|Just some pretty flowers from before it dried up here.|
Earlier this summer I started reading mysteries by Agatha Christie, particularly those that feature Miss Jane Marple as the detective/sleuth/mystery solver.
I was lured into reading the first Miss Jane Marple mystery, Nemesis, by a co-worker who said I should read it because it involved a garden tour.
As though my criteria for whether or not I read a book, any book, is whether or not it involves something gardening related? (Absolutely!)
I took the bait and accepted the suggestion to read Nemesis. I did enjoy it as it did involve a garden tour.
Then I received a second suggestion to read Sleeping Murders because this also involved a garden of sorts.
At this point, I realized I had read the last two Agatha Christie mysteries featuring Miss Jane Marple. That seemed a bit incomplete to me, so I started reading all of them, this time reading them in chronological order. (No, not all at once, one at a time.) So far, I’ve read The Murder at the Vicarage, The Body in the Library, and The Moving Finger and am currently reading A Murder is Announced.
I’ve been stuck on the last book, A Murder is Announced, for several weeks. Or rather I paused my reading of it to read Tell About Night Flowers: Eudora Welty’s Gardening Letters 1940-1949 edited by Julia Eichelberger.
Halfway through reading Tell About Night Flowers I wanted to grow camellias, at least one or three, even though they are not hardy here. In fact, over the weekend, I put three camellias in an online cart and almost hit the “buy” button. But I didn’t. I decided if I still have a hankering for camellias in the spring, I’ll buy one or three then. (An open invitation to southern gardeners to convince me to at least try to grow a camellia or three!)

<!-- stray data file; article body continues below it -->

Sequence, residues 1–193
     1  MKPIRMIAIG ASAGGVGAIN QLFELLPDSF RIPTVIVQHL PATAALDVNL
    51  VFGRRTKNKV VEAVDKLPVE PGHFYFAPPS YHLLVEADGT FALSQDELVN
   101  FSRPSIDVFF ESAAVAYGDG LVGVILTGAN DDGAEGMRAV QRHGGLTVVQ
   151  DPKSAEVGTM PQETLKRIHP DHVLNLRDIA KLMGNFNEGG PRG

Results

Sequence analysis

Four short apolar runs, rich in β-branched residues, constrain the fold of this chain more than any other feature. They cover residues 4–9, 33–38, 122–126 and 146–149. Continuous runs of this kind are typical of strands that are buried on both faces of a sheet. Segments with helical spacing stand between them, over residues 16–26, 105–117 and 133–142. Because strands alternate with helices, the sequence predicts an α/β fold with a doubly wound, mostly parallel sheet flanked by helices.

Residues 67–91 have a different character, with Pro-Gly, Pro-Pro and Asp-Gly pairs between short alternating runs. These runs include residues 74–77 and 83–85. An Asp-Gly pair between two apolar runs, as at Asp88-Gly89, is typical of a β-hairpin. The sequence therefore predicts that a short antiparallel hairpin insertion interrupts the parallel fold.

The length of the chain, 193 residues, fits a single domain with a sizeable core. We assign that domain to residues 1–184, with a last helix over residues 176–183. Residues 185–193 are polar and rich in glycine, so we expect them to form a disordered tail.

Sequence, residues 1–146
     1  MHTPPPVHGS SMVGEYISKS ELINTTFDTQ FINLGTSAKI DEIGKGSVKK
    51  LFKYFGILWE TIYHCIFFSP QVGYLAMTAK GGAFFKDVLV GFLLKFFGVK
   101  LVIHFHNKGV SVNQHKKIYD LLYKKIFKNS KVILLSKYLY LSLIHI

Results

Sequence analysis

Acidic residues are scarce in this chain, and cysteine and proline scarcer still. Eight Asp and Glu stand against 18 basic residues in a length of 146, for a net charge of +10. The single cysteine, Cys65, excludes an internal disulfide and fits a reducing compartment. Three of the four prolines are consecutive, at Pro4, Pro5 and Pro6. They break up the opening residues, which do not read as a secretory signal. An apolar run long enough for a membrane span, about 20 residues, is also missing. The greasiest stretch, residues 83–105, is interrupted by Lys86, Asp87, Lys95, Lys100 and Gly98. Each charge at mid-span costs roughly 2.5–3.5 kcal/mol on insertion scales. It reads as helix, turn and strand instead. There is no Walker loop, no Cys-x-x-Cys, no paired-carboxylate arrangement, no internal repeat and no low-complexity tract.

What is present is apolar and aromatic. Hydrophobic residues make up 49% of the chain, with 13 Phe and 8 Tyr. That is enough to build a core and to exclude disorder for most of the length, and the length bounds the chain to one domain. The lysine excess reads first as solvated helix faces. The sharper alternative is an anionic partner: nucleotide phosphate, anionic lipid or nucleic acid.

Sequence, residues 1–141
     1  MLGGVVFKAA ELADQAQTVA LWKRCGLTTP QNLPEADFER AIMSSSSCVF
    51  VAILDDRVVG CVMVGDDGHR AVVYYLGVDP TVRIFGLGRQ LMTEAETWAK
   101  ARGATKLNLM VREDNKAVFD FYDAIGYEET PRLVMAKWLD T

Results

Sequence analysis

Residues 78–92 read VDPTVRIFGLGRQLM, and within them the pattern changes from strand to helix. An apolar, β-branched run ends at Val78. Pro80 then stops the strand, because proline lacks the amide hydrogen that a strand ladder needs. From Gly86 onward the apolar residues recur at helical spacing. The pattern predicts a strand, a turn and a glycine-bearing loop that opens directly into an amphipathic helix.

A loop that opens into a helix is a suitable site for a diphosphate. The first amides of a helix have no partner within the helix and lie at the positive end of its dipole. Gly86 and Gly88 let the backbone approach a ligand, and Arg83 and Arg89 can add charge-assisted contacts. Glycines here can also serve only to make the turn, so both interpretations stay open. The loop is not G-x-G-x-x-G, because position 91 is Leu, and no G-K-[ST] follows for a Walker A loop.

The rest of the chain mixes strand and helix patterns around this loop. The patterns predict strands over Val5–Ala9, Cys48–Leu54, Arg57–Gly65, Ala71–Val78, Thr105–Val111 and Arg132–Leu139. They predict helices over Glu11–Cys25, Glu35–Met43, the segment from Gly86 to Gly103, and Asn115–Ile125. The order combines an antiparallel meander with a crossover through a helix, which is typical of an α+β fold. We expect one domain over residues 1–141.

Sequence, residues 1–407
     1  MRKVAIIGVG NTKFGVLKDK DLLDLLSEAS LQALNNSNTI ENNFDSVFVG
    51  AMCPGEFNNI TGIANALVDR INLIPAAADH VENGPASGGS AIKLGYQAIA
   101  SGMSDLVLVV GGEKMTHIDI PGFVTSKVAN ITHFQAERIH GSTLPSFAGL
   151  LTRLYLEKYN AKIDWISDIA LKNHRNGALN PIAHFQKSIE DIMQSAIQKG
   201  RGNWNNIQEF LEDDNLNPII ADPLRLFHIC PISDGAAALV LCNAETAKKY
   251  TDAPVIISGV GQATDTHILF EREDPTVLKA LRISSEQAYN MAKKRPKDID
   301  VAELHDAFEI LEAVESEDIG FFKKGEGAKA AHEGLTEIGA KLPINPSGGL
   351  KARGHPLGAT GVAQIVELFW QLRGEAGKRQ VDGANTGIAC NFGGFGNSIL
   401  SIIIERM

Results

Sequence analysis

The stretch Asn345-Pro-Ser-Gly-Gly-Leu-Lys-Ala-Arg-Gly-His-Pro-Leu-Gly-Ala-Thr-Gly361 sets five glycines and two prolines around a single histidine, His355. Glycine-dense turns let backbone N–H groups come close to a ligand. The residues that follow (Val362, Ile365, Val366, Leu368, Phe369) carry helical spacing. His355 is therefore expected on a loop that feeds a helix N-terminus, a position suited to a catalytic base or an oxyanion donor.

Having finished reading Tell About Night Flowers, I am back to reading A Murder is Announced. It has a few nice quotes about gardening and gardeners in it. All the Miss Jane Marple murder mysteries seem to have nice quotes about gardening in them.
There’s this one: “...remember that an elderly unmarried woman who knits and gardens is streets ahead of any detective sargeant.” Well, now. I just need to first get a little, really a lot older and second learn to knit and I’ll be able to solve all the mysteries in my neighborhood.
And this one: “But it’s gardening that’s needed here. And that isn’t learned in a day. Gardening, that’s what this place needs.“
Isn’t that the perfect line to use when someone asks you, a gardener, to look over their yard and tell them what to do with it? They want it to be a nice garden, right now. Just place your hands on your hips and state loudly, “it’s gardening that’s needed here. And that isn’t learned in a day.” Then they’ll know there are no quick fixes when it comes to a messed up yard. “it’s gardening that’s needed here…“
There are more quotes related to gardening throughout the Agatha Christie mysteries feature Miss Jane Marple. But that’s enough for one post. I’m going back to reading now, reading all about how Miss Jane Marple solves mysteries, while knitting and of course, gardening.
“It’s gardening that’s needed here.”